Session1724
TitleBishops, the Secular Clergy, and Otherness, III: Changing Narratives and Discussion
Date/TimeThursday 6 July 2017: 14.15-15.45
 
SponsorEpiscopus: Society for the Study of Bishops & the Secular Clergy in the Middle Ages
 
OrganiserSigrid Danielson, Department of Visual & Media Arts, Grand Valley State University, Michigan
 
Moderator/ChairMelissa Julian-Jones, School of History, Archaeology & Religion, Cardiff University
 
Paper 1724-a Constructing Roman Women into the Christian 'Other'
(Language: English)
Aneilya Barnes, Department of History, Coastal Carolina University
Index Terms: Architecture - Religious; Gender Studies; Religious Life; Women's Studies
Paper 1724-b The 'Other' Baldwin of Forde
(Language: English)
Philippa Byrne, Faculty of History, University of Oxford
Index Terms: Ecclesiastical History; Historiography - Modern Scholarship
Paper 1724-c Queering Late Medieval Male Intimacy: St Thomas Cantilupe and Edmund Cornwall's Shared Sepulcher
(Language: English)
Peter Carlson, Department of Religion, California Lutheran University
Index Terms: Ecclesiastical History; Gender Studies; Sexuality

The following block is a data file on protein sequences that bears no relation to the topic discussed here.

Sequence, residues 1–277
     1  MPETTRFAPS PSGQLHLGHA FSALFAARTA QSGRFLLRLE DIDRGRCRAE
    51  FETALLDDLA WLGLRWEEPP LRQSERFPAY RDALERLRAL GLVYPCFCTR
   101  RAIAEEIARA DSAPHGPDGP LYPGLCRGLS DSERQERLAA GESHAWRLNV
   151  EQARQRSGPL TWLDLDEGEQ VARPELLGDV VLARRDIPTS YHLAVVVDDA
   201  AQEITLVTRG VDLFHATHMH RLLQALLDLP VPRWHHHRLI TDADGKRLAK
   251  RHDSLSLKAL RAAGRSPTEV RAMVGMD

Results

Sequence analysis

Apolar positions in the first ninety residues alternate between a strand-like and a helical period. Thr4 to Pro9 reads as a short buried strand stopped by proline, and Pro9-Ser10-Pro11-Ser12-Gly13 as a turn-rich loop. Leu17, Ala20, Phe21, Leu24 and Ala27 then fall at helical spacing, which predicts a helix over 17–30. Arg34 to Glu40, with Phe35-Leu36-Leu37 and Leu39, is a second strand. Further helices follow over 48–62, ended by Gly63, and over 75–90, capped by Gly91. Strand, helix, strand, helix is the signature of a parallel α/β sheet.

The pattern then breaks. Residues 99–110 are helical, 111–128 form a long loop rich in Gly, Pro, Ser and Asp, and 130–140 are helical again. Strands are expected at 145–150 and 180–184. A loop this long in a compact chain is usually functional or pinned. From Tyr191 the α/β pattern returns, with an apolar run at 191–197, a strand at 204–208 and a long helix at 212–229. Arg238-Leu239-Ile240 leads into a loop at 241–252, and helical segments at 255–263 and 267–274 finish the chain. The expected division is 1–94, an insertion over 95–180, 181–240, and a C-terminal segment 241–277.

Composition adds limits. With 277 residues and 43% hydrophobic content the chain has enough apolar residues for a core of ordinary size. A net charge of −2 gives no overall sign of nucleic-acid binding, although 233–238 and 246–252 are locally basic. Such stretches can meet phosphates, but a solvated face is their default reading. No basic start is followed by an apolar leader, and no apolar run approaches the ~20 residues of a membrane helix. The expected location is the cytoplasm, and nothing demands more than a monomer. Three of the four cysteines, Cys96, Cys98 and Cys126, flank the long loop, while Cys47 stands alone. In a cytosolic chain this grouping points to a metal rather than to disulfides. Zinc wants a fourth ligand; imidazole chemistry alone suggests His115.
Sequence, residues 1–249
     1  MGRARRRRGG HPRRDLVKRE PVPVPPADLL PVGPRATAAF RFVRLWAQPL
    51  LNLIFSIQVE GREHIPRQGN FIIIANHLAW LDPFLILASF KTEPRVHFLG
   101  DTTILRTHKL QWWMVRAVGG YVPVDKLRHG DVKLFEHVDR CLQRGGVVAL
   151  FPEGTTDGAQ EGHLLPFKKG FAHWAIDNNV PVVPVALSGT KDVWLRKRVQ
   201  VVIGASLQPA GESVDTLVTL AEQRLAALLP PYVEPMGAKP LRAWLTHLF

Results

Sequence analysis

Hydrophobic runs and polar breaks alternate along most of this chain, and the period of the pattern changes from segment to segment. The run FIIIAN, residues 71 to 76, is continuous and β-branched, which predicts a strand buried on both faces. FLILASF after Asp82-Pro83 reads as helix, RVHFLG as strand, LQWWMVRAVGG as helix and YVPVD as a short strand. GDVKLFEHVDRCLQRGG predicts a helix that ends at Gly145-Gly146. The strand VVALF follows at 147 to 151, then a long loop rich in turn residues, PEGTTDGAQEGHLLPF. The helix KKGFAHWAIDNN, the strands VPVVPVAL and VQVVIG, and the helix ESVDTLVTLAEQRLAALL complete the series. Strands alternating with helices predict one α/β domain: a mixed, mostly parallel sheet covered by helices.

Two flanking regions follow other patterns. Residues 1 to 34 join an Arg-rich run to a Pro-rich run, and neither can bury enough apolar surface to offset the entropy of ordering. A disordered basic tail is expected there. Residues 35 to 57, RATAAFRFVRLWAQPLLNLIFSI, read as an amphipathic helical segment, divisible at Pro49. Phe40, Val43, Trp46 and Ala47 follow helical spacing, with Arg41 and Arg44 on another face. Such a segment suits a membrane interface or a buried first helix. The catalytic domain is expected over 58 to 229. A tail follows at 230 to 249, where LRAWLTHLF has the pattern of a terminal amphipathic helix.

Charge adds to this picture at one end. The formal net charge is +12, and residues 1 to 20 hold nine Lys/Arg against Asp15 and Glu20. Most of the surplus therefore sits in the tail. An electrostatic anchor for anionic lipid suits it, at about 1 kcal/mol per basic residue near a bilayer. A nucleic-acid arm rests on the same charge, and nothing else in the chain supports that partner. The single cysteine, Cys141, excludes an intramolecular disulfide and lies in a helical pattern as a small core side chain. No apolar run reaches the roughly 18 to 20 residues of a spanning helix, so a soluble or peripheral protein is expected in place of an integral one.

AbstractScholarship devoted to the medieval episcopacy and secular clergy regularly engages with their roles as establishment insiders. In keeping with the thematic strand this series of three panels explores how rhetorics of the 'other' have been used to define and interpret ecclesiastical figures in the medieval as well as modern eras. This final session combines papers with a discussion of approaches that broaden examination of the 'other' in relation to the study of the medieval clergy. Barnes considers the built environment of Rome during late antiquity to address episcopal attitudes towards the participation of elite women in religious practice. Byrne employs the 12th-century bishop Baldwin of Forde as a case study to interrogate conventions of historical method and perceptions of 'otherness'. Carlson’s study of Edmund Cornwall’s acquisition of the heart of the bishop saint Thomas Cantilupe demonstrates ways the intersection of queer theory and historical inquiry render visible evidence of male intimacy. The closing discussion will reflect on themes shared across all three sessions with a formative conversation about ways the study of the medieval episcopacy and secular clergy can address issues of inclusiveness and interdisciplinarity.